PennEast Pipeline Company LLC, Thursday announced it submitted its application September 24, 2015, to FERC for a permit to proceed with construction of the proposed PennEast Pipeline, signaling the next critical step in offering eastern Pennsylvania and New Jersey energy consumers locally produced natural gas.
The pipeline will originate in Dallas, Luzerne County, in northeastern Pennsylvania, and terminate at the Transco pipeline interconnection near Pennington, Mercer County, New Jersey.
PennEast is requesting that FERC issue a Certificate of Public Convenience and Necessity, which would authorize PennEast to construct, install, own, operate and maintain the approximately 118-mile, 36-inch diameter PennEast Pipeline.
Upon completion, the underground natural gas pipeline would deliver approximately 1 billion cubic feet of natural gas per day and address the current pipeline constraints that result in higher costs, increased price volatility and reduced reliable energy supplies for consumers.
“The PennEast Pipeline Project is set to deliver reduced energy costs to residents and businesses, thousands of good jobs, and a cleaner environment by cultivating clean-burning American energy,” said Peter Terranova, chairman, PennEast Pipeline board of managers.
“This safe, state of the art infrastructure project will not only help meet the region’s energy demands, it can power New Jersey and Pennsylvania’s economies for years to come.”
Had the PennEast Pipeline been in service during the 2013-2014 winter, natural gas and electric consumers in eastern Pennsylvania and New Jersey would have saved more than $893 million in energy costs, according to an analysis by Concentric Energy Advisors.
PennEast Pipeline would have an estimated $1.6 billion positive economic impact during design and construction alone, supporting approximately 12,160 jobs and an associated $740 million in wages according to a separate study by Econsult Solutions.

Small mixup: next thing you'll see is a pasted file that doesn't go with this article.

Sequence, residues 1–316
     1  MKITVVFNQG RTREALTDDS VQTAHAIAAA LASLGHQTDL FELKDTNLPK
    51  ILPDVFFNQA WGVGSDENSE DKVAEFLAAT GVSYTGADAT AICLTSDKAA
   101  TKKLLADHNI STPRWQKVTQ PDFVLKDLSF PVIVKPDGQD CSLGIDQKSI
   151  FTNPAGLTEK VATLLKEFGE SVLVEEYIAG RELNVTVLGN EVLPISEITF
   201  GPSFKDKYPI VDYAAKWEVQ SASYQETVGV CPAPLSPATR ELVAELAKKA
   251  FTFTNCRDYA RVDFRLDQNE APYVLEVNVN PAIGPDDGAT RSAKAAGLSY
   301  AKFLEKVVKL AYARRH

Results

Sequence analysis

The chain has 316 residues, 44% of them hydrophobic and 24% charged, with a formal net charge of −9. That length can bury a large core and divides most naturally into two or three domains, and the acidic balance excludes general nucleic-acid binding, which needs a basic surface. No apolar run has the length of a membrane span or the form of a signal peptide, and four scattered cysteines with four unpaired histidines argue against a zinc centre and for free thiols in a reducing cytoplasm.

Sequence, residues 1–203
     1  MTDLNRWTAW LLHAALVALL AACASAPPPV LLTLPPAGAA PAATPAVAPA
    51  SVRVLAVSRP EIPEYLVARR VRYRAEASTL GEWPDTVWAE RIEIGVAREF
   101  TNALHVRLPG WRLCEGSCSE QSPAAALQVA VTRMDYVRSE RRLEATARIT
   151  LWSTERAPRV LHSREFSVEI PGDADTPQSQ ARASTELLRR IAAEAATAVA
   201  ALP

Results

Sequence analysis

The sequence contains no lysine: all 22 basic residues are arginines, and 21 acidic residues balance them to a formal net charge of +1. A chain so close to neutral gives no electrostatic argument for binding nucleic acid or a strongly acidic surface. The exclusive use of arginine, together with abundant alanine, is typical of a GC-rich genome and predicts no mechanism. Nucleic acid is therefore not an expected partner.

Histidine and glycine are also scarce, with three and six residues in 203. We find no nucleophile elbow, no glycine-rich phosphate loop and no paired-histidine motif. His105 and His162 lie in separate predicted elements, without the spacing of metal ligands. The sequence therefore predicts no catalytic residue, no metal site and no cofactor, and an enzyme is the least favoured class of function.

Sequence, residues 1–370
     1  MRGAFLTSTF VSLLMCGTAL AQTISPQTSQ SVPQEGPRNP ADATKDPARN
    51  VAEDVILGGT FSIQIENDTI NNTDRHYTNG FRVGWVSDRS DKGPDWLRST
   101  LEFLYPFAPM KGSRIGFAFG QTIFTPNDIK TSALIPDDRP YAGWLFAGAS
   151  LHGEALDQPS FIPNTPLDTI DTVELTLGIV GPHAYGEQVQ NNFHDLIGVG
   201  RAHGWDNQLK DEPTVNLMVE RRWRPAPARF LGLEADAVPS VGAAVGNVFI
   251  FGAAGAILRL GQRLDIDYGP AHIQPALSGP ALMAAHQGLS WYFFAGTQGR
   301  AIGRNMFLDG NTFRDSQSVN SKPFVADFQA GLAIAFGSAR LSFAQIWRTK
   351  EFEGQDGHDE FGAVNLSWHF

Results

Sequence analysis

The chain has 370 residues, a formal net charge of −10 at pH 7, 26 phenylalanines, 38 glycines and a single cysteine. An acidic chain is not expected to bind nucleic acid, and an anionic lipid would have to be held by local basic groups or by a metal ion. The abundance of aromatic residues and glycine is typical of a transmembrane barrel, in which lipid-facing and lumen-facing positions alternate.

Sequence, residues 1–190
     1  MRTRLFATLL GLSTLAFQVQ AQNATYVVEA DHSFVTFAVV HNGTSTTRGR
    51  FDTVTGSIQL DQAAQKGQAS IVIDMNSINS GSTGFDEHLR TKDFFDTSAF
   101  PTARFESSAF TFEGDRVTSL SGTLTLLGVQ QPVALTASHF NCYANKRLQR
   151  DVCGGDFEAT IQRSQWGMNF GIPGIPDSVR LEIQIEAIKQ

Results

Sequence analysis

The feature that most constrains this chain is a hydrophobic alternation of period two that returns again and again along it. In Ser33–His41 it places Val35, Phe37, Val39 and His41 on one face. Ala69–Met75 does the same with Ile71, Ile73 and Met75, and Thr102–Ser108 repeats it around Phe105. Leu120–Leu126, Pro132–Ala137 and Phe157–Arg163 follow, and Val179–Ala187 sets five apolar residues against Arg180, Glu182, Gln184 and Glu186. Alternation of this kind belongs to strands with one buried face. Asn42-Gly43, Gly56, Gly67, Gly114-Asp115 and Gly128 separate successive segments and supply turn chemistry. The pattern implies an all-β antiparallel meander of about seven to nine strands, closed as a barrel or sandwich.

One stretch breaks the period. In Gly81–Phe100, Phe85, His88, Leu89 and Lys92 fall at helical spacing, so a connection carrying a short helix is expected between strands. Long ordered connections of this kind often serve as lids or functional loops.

“The New Jersey State Chamber of Commerce supports the proposed PennEast Pipeline,” shared Tom Bracken, president and chief executive officer of the New Jersey State Chamber of Commerce. “This Project will provide a regional benefit to businesses and citizens, assist in boosting New Jersey’s economy, improve the overall critical energy infrastructure and make our state more competitive, which will lead to job creation.”
PennEast’s capacity is under long-term contracts, mainly by public utilities and other market-serving entities, such as electric generation companies, in New Jersey, Pennsylvania and New York. “These companies recognize the importance of PennEast to the local consumers they serve,” said Terranova.
“The manufacturing community applauds PennEast’s efforts to increase reliability of natural gas for local users,” said David Taylor, president of the Pennsylvania Manufacturers Association.
“New pipeline capacity like that of PennEast is the key to unlocking the competitive advantage of abundant Pennsylvania natural gas. A recent analysis found that shale gas development could provide U.S. manufacturers with cost savings of $22.3 billion in 2030 and $34.1 billion in 2040, but these savings are contingent on new pipelines like PennEast delivering affordable natural gas to users.”
Pending regulatory approval and issuance of a FERC certificate, PennEast anticipates beginning construction in 2017. AGL Resources; NJR Pipeline Company; PSEG Power LLC; SJI Midstream; Spectra Energy Partners and UGI Energy Services form the PennEast Pipeline Company. UGI Energy Services serves as the project manager and would be the operator of the proposed PennEast Pipeline, announced in August 2014.
For more information, visit the PennEast Pipeline website or call 844-347-7119.
Conservation and citizen groups Thursday called on the Federal Energy Regulatory Commission and the NJ Department of Environmental Protection to deny PennEast's application to build a proposed pipeline that would cut through Mercer and Hunterdon Counties, causing irreparable harm to over 4,000 acres of preserved open space and farmland, 31 of the state's cleanest and most ecologically significant streams, and many landowners and communities.
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